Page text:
A study conducted on a group of people revelled that after a month of intermittent fasting, there was a reduction in total cholesterol levels, LDL cholesterol, triacylglycerol, as well as systolic blood pressure.
Another study revealed that there was an increase in the amount of good cholesterol for women while men had their triacylglycerol levels decreased. However, both sexes had their diastolic and systolic blood pressure unaltered during the study.
Diastolic blood pressure measures the pressure in your blood vessels when your heart rests between beats, and Systolic blood pressure is the measurement of your blood pressure during your hearts contractions.
Reduced Risk of Low Severity Diseases
When you follow intermittent fasting religiously, the risk of developing common and uncommon neurodegenerative diseases are greatly reduced. As a result, there is a lowered risk of contracting Alzheimer’s and Parkinson’s diseases, even during old age.
Intermittent fasting has been proven to trigger tremendous improvements and functionality for people suffering from chronic auto-immune diseases like Systemic Lupus, Crohn’s Disease, Colitis, and Rheumatoid Arthritis. This is due to the fact that intermittent fasting reduces hyperinflammatory processes. In which case, they get to benefit from an improved immune function.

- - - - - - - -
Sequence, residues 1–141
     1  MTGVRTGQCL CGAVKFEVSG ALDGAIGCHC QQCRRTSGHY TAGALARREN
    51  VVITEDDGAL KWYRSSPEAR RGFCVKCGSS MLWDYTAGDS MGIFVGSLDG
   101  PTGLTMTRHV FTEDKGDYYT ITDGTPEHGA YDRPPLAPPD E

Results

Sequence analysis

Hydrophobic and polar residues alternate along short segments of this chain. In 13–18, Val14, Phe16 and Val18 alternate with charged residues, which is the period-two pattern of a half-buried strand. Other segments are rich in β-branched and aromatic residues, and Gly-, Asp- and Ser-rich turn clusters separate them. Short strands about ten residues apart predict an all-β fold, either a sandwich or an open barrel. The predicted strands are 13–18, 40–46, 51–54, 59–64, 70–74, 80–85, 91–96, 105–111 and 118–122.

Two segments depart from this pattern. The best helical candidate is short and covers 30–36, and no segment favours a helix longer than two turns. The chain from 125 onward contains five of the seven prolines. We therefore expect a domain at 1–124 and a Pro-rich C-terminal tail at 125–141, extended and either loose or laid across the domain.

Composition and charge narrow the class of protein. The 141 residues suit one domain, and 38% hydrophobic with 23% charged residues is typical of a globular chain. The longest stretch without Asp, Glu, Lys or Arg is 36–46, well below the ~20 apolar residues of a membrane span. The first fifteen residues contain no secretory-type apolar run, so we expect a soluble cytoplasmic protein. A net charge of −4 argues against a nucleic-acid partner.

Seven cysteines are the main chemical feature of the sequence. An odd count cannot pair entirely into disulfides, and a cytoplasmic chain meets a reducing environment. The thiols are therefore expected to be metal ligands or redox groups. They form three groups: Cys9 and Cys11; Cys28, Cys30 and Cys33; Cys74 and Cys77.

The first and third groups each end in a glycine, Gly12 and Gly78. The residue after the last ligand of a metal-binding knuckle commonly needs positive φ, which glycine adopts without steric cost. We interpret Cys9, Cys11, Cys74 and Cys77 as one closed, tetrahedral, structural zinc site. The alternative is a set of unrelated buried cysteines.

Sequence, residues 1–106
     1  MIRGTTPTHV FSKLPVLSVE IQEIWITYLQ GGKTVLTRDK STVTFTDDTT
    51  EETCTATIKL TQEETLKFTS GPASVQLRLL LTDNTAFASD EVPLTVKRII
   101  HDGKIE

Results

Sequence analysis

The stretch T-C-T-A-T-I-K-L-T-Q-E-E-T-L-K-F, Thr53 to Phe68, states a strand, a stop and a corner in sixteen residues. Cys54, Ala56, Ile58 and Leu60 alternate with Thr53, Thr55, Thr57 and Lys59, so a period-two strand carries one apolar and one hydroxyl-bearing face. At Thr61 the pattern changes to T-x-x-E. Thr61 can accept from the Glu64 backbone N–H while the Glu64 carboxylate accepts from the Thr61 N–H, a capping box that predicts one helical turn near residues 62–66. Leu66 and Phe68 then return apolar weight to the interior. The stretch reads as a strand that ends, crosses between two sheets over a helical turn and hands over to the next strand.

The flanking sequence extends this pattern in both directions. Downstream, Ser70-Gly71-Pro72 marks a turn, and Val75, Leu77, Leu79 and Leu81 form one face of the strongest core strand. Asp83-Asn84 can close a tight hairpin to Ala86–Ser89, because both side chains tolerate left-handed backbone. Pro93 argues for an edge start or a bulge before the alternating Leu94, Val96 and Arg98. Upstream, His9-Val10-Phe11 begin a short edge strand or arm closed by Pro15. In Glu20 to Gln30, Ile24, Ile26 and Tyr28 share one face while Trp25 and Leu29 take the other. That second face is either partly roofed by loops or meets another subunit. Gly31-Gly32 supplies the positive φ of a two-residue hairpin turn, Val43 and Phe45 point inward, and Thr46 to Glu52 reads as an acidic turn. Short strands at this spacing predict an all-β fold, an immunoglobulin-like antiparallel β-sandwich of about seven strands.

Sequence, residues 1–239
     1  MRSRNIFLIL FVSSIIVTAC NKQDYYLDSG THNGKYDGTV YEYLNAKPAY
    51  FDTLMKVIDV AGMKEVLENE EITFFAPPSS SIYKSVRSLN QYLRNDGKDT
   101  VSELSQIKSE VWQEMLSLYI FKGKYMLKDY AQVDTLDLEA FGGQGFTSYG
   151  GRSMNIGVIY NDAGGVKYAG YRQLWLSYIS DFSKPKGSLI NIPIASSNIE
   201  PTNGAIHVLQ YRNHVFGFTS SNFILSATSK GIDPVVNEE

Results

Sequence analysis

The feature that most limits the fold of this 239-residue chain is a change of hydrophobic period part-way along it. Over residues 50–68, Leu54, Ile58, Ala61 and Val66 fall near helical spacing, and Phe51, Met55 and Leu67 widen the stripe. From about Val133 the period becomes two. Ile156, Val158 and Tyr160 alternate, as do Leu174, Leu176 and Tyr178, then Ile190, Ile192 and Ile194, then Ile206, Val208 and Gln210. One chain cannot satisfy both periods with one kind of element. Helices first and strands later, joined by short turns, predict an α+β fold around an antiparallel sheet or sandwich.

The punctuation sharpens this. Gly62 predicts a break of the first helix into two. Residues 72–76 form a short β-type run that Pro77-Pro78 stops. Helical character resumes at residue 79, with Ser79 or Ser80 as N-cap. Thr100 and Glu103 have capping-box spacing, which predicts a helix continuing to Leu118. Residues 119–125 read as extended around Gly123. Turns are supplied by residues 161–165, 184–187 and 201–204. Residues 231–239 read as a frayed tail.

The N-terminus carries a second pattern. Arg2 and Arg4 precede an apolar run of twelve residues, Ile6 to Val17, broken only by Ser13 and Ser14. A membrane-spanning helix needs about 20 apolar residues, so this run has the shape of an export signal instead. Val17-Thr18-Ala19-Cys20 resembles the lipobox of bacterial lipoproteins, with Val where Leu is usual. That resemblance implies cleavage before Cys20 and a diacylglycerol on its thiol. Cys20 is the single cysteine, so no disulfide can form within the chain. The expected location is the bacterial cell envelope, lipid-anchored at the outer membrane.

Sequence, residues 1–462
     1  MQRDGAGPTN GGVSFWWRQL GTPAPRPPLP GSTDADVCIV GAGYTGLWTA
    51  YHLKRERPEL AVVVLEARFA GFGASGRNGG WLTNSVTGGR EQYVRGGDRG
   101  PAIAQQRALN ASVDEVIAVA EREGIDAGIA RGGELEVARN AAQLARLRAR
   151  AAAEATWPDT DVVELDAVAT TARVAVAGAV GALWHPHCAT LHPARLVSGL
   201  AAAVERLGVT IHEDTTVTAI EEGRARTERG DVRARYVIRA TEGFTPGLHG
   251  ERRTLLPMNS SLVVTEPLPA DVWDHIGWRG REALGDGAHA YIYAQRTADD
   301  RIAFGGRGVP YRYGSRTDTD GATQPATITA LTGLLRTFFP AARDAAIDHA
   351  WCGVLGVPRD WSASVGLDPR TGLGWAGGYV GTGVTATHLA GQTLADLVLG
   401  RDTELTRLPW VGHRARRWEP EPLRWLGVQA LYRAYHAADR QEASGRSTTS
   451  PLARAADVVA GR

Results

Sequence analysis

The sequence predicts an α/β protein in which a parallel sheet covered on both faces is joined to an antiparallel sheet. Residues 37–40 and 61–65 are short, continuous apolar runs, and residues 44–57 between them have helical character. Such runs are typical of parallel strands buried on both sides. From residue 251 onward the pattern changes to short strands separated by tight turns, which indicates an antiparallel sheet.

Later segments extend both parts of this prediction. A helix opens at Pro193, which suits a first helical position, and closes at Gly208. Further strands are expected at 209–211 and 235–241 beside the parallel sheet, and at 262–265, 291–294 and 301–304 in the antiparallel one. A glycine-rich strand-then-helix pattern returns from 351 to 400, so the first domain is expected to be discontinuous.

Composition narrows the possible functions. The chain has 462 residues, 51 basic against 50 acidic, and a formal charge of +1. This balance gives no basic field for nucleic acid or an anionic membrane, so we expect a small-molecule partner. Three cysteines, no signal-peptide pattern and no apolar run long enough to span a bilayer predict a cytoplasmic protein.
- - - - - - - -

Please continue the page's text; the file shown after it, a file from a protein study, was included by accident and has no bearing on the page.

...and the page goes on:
It’s also worth noting that intermittent fasting greatly reduces the actual risk of obesity. With this in mind, there’s also a very low chance of developing high blood pressure and type 2 diabetes.
There are other areas where intermittent fasting can reduce the risk of diseases, such as:
Reducing the severity of Cancer Growth: Recent studies on when the use of chemotherapy was combined with intermittent fasting, it was examined that the rate of progression of cancer slowed down significantly.
This was because there was an increase in the amount of tumour-infiltrating lymphocytes (literally, the antibodies that fight cancer cells in the body)
For instance, cancer cells have an average of 50 insulin receptors, compared to normal cells. These receptors survive and thrive on the breaking down of sugar.